The town of Percé is best known for the huge striking rock formation jutting out from the bay. The arch within the rock is one of the world’s largest. Percé Rock is a stunning sight, no matter the angle you see it from.
But there is more to Percé than this one rock. Recently designated a UNESCO Global Geopark, the Percé Rock is just the most obvious example of the rich geological heritage in this area.
To learn more, take a trip to the Géoparc de Percé, a relatively new community-driven project that celebrates everything rock related.
To this end, they have developed a number of local trails to surrounding geosites. I’d recommend checking out the excellent interactive Tektonik exhibit before picking up a trail map.
Where to stay: The Riotel Percé is situated oceanside, with spectacular views of the Rock directly from some rooms
Sentier des Belvédère
Accessible from the back of the Géoparc campground or the end of Rue de l’Église, this trail gains elevation quickly on a gravel road.
After turning onto the trail proper, it’s not too long before the lookout tower and fabulous panoramas of the bay and Percé Rock comes into view.
Continue on another 300m to reach the suspended glass platform (extra charge). For a longer hike, follow the T4 trail to the trou sans fond (bottomless hole) further up Petit Mont Sainte Anne.
Chemin de la Grotto
Follow the above instructions but ignore the turn for the Sentier des Belvédère. Another 800m along the gravel road will lead to the Grotto, a beautiful cascading waterfall.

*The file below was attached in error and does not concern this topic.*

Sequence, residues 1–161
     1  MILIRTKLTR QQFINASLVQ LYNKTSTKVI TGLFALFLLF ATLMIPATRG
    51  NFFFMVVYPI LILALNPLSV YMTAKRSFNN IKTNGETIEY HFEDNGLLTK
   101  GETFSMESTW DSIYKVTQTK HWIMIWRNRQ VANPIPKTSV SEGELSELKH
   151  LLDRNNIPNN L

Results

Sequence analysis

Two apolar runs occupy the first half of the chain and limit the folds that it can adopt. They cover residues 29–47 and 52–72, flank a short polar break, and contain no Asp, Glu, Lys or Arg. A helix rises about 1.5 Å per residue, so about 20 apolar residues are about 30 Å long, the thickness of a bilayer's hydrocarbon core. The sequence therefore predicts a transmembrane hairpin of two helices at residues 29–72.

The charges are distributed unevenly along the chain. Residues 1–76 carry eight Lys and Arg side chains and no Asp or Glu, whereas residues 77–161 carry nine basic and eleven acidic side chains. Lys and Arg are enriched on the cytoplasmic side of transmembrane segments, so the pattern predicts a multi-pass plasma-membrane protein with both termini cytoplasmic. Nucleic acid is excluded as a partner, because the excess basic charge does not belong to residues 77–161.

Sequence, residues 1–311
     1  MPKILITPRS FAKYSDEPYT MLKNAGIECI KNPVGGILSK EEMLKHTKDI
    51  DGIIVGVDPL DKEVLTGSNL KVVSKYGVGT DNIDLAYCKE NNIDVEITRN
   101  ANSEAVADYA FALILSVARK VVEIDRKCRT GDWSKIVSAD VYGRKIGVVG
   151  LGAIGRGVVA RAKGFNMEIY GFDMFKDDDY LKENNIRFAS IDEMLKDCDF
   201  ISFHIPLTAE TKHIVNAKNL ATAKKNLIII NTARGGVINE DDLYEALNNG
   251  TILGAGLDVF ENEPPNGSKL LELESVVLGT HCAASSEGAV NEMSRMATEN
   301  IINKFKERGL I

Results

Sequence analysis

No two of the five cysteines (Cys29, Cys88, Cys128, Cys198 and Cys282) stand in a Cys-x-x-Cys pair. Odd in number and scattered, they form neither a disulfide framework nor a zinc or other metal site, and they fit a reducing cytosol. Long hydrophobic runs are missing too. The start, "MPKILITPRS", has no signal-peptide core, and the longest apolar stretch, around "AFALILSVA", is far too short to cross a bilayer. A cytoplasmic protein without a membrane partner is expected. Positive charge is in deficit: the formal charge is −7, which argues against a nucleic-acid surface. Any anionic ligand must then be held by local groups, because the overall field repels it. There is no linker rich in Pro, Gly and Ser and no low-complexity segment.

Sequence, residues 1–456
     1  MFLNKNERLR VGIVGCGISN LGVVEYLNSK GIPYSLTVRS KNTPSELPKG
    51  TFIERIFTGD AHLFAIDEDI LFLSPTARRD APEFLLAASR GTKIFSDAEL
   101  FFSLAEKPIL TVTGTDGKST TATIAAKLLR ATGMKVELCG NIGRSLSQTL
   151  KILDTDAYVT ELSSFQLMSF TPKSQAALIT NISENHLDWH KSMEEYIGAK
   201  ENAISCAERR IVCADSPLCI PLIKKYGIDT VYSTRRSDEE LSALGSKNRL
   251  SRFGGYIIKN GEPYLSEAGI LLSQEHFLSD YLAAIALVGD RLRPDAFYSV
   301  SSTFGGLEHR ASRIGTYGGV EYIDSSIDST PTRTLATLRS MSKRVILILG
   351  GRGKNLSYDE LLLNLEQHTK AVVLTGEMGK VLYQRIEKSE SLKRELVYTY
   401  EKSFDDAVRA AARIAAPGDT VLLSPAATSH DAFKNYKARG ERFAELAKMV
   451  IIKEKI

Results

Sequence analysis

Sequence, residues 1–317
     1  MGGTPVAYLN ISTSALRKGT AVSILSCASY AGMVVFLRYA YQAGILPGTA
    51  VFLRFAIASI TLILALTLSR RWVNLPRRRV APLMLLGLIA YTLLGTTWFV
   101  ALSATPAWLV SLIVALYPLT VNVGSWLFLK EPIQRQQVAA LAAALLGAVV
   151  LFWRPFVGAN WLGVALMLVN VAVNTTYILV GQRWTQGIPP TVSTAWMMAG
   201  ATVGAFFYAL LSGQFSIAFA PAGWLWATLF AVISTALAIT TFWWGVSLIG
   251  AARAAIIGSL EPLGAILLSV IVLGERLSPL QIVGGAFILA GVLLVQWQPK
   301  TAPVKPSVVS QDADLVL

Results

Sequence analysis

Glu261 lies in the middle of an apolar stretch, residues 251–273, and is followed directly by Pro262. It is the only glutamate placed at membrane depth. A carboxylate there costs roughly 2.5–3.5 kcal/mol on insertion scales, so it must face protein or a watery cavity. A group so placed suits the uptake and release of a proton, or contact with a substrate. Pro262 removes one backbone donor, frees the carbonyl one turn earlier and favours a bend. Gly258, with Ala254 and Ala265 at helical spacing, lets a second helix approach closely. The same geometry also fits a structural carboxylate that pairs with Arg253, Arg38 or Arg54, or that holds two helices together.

Many layers of rock have eroded, forming an impressive gorge. The site has apparently been a religious pilgrimage site for many years.
Parc national du Lac‑Témiscouata
Perched on the edge of the largest lake in the region (39km long!), this parc national is a favourite of hikers and paddlers alike.
Humans have been utilising the land and water here for thousands of years, with more than 60 archaeological sites found within the boundaries of the park.
Though Parc national du Lac‑Témiscouata can easily be spotted from Highway 132, keep in mind that you need to drive to the ‘back’ of the park to reach the entrance.
Where to stay: Accommodation is thin on the ground near this park, but Motel Royal is a highly rated pick. It’s 40 minutes drive from the park entrance
For us, the most rewarding trail in Parc national du Lac‑Témiscouata was definitely Montagne-du-Fourneau.
The 5.8km return trail steadily climbs through a pinewood forest to a beautiful viewpoint above the lake. The total elevation gain is around 185m. There are some striking rock cliffs to be found along the way.
The trailhead is located at the Anse-à-William Discovery and Visitors Centre. It’s possible to extend this hike with a walk along the lakefront.
Check out these other Quebec posts next
Free printable backpacking checklist
Subscribe to our monthly email newsletter and receive a free PDF checklist for your next multi-day hiking adventure
One half of the Canadian/British couple behind Off Track Travel, Gemma is happiest when hiking on the trail or planning the next big travel adventure. JR and Gemma are currently based in the beautiful Okanagan Valley, British Columbia, Canada